Scenes From a Counter
A guy came into the store today and asked if we had any issues of Deathmate in stock. As surprising as this may be to some of you, that doesn't exactly happen every day. In fact, I've been working at the Wiz for three and a half years now, and I'm reasonably certain that that's the only time it's ever happened.
So unusual was the request that I felt I had to clarify.
"Deathmate?" I asked. "The Image/Valiant Crossover?"
Dude's eyes lit up. And as it so happened, we did have some, and I knew exactly where they were, having a distinct memory of dropping them into the box last week and thinking: "Man, we will never sell these." But, as rare as it happens, I am occasionally proven wrong. This was not one of those times. He ended up buying twenty bucks worth of back issues, and not a single copy of Deathmate. I guess he was just curious.
Not that there was anything particularly annoying about him; just an unusual request that made him stick out from the rest of the crowd. But it served as a nice warm-up to the strapping young lad who came in an hour later smelling of old hot dogs. He wandered up to the counter, eyeballed the picture of Brandon Routh on the cover of Wizard, and said something I've heard at least five times in the past three weeks:
"So that's the new Superman, huh?"
People have started latching onto this as an introduction to a conversation about upcoming comic book movies, which unfortunately is a subject I could not care less about. They seem to be under the impression that the people who work the counter at comic book stores are somehow plugged in to the movies, but, sadly, Bryan Singer just isn't calling up with daily updates like he used to. I have access to exactly the same information that you do, but I just don't care.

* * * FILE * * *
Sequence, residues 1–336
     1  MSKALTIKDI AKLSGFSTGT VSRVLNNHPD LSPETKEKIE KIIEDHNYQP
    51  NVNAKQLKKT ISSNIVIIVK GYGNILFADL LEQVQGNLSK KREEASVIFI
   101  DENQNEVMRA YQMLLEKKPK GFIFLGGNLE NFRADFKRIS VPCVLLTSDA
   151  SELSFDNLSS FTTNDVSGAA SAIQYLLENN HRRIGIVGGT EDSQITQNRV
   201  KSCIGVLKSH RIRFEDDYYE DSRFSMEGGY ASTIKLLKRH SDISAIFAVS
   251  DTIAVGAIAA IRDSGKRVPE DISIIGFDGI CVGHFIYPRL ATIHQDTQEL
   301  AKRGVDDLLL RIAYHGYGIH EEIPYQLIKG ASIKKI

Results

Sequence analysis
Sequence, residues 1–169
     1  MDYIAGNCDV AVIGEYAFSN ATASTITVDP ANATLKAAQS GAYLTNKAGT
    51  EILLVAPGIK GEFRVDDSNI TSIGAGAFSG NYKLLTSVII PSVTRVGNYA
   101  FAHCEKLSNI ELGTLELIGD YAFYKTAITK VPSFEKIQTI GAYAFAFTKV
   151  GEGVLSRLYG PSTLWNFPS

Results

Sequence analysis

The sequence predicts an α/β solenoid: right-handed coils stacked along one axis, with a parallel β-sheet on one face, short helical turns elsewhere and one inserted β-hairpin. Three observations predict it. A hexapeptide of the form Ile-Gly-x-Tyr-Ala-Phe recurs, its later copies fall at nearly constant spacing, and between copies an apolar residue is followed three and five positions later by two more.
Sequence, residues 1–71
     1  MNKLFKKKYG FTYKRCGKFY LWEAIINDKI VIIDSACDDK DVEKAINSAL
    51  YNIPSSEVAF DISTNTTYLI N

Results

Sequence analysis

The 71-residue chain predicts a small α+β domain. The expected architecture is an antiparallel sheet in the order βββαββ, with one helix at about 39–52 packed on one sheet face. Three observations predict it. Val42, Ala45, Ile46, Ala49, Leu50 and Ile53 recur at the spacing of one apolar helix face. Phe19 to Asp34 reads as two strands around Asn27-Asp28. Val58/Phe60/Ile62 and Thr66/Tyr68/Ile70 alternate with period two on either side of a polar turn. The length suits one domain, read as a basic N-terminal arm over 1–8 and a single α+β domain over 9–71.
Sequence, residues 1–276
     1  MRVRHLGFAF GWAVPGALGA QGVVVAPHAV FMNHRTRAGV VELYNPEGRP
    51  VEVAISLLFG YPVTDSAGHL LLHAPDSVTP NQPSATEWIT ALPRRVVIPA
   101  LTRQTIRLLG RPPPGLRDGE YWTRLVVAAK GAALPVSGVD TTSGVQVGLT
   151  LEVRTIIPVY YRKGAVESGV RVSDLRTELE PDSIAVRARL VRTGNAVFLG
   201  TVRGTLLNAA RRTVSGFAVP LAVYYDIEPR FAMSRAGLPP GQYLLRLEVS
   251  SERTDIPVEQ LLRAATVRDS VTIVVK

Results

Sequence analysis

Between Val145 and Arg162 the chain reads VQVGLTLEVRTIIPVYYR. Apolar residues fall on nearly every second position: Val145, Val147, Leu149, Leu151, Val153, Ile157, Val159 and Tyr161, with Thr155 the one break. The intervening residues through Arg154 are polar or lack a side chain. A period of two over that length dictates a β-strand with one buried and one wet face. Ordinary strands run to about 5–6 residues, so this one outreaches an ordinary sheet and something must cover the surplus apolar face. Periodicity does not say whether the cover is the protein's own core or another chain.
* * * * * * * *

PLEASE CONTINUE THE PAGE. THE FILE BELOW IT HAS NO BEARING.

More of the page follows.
That's not to say I wasn't happy to chat with customers about, say, Batman Begins after I saw it, but really: I'm not ticking off the days. The whole thing makes me wonder if people who work in bookstores get this kind of nonsense whenever a novel adaptation comes out.
The exception to this, of course, was the incredibly charming guy who came in today with the most awesome British accent ever, who talked for a few minutes about V For Vendetta. Smashing Terrif!
Anyway, I answered the guy with something between a noncommital grunt and an actual sentence, because my customer service is ne plus ultra. And that's when he dropped the bomb:
"The new Superman. I thought that guy was dead."
The amount of things wrong with that statement is staggering. I mean, I don't know if you guys have noticed, but they make movies about dead people all the time. Even if they're fictional characters. So I mentioned that while Superman was dead at one time, he eventually got over it after a few months and was still having his adventures published on a regular basis. Which led to, of course, this guy telling me all about how he found a copy of "that one where he died" at a flea market, and asking how much it was worth.
"If it's complete and in the bag, about ten bucks," I said.
"Ten bucks?" He said it with the same sigh of disappointment that the last guy I'd told had given me before he explained he was hoping to use that issue to pay off his mortgage. This guy had a much more pragmatic view, however, shaking his head and spontaneously repeating the amount a few seconds later, apropos of nothing, while giving whatever passes for a wry chuckle when one of your teeth has attained an inky blackness, presumably from feeling lonely.
He wandered a few feet away to look at magazines, and I struck up a conversation with Tug about Tom Nguyen's inks look a lot better in Batman than they did in JLA.
The guy snapped his head up. "Who's in jail?!"
If it wasn't for ISB Man of the Hour Ted Long, he'd probably be my new role model.